Yet postmodernism, too, is a problematic label, proclaiming, as it does, the death of the author when artists like Jeyasingh have never been granted authorship in the first place. Where does that leave [h]interland? I would argue that the work still engages with modernity in Homi Bhabha’s sense, in that it articulates the spatial metaphors of centre and periphery that consign the postcolonial artist as non-modern. Rather than striving to enter the fortress of modernity, or retreating to an alternative holistic cultural tradition of ‘India’, [h]interland straddles the two universalising traditions, exploring the border zone between them as a literal and virtual space of potential power.  

Jeyasingh says that, at its most basic, [h]interland was about the ‘undoing of location’. It seems that this image of the border zone as a potential space of power and clear-sighted vision provides a powerful framework for her interrogations into location. The word play in the work’s title uses the geographical metaphors of ‘beyond’ and ‘between’ to question continuing power relations in our post-colonial context.

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Sitting on the stage and looking at te functional rear of the auditorium gave me a disquieting sense of needing to recreate a perspective for myself: a frame with a centre, edges and vanishing point. But Jeyasingh’s staging of this space confounded my attempts. The dispersal of the three screens on the balcony and below it defied any sense of symmetry or order. On one screen the webcast was already transmitting a hotel rooftop as we arrived, breaking the illusion of theatre as a contained space-time reality waiting for me, the audience, to bring it into being. The main floor area - the obvious ‘stage’ - was in darkness most of the time and my eye was lured beyond the doorway marked ‘EXIT’ into the brightly lit hallway with its tardis-like lift. It was a pleasing vista, promising transportation to an ever more remote beyond. (Mavin Khoo’s intricate sequence of pliés, taking him out into the lift, was one of the work’s most vivid images.) And yet, I was gazing not at a theatrical illusion but at the bricks and mortar that normally enclose it.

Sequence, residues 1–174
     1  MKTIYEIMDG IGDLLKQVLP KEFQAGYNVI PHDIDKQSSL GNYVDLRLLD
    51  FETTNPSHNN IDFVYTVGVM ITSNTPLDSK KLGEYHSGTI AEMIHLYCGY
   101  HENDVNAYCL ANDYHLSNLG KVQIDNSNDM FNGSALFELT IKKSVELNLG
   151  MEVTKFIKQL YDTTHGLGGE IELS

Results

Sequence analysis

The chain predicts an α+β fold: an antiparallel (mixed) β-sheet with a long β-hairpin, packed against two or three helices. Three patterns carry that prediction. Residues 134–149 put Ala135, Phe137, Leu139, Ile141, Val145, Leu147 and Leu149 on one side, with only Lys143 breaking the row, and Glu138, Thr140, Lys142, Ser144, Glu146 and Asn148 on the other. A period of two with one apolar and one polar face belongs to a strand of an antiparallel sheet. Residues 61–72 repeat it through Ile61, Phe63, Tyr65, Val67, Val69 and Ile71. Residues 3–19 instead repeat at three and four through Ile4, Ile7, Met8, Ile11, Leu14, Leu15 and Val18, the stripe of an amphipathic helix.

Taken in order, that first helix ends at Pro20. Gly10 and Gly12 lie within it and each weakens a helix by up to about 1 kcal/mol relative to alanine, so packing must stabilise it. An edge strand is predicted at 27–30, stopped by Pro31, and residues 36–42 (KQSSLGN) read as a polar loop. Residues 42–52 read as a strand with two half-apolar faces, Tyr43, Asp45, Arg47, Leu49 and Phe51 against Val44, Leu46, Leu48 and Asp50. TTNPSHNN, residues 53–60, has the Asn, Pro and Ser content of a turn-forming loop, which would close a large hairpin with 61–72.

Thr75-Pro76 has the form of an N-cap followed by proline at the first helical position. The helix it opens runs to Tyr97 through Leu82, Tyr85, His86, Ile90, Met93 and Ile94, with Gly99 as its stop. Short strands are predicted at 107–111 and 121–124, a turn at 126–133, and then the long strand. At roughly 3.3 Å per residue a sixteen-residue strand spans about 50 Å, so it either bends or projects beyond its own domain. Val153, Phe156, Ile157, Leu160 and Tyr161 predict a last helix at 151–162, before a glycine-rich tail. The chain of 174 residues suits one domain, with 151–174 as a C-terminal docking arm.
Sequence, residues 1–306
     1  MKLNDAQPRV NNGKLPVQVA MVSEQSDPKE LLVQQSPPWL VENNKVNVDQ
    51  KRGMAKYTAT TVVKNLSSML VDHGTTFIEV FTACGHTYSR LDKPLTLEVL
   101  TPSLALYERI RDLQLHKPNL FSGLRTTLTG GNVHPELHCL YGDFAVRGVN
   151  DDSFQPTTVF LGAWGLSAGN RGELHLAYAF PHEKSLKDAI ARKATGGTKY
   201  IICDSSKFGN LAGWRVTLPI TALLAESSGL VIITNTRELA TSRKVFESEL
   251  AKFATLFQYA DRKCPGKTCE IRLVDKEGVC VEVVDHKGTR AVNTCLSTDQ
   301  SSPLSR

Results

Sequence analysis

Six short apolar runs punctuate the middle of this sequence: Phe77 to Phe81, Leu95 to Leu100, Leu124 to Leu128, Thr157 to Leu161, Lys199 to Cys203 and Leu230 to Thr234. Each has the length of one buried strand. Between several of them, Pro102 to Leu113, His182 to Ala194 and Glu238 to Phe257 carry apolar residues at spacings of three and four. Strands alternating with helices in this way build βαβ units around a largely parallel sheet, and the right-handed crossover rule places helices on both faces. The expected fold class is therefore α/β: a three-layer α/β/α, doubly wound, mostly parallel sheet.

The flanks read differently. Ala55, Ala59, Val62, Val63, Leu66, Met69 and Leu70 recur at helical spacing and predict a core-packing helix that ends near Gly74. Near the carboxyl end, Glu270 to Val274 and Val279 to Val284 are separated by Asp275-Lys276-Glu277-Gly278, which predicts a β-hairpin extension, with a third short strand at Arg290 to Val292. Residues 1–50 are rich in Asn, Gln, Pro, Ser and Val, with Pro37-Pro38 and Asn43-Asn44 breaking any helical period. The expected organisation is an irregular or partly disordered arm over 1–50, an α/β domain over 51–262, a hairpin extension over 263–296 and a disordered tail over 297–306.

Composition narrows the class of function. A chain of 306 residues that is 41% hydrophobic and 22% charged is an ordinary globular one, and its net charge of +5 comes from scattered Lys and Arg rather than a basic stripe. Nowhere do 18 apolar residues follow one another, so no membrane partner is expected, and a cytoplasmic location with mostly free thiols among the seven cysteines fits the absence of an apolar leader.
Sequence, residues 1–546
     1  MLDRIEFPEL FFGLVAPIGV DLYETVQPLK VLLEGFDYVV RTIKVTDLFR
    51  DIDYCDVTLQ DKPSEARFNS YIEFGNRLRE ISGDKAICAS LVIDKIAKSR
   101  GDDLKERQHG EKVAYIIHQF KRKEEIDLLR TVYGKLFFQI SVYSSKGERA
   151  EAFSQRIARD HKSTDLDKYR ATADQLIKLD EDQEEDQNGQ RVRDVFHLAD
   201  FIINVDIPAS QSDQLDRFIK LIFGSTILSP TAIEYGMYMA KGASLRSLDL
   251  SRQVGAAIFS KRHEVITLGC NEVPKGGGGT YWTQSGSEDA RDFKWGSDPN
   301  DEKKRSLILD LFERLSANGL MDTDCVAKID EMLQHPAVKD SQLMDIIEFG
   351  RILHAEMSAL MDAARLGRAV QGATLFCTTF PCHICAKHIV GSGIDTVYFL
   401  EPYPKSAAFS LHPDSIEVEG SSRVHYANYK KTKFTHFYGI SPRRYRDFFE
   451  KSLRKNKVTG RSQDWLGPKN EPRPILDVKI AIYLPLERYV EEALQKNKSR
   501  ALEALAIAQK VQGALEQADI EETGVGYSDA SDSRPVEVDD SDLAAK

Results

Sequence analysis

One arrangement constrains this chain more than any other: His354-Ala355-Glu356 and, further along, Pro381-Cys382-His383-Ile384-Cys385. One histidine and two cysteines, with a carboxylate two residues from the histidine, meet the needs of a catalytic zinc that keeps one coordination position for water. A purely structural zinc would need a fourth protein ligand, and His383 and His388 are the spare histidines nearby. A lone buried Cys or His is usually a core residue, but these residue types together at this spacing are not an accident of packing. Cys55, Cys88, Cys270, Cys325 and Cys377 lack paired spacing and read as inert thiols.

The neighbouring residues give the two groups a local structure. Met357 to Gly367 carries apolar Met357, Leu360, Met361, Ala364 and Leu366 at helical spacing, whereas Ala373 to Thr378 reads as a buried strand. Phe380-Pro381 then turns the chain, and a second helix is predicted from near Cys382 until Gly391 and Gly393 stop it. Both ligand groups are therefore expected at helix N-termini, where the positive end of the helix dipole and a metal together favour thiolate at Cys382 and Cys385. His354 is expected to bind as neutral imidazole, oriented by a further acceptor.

It seemed a metaphor for the disruption of a colonial gaze; the decentring of the privileged vantage point of the spectator. Was this what Jeyasingh intended?

  • I've always been interested in subverting theatre spaces, but of course, in a real theatre one does not have the luxury of doing it because the lighting rig would be in the wrong place.  I've always been fascinated by the wings and the edges in a theatre space.  It's partly because I was trained as a classical dancer so I've had an overdose of hierarchy with the soloists getting centre stage and the less important people remaining on the side. It’s a whole political aesthetic that choreographer and dancer take for granted in all kinds of classical space. And part of my questioning has always been the psychology of the border.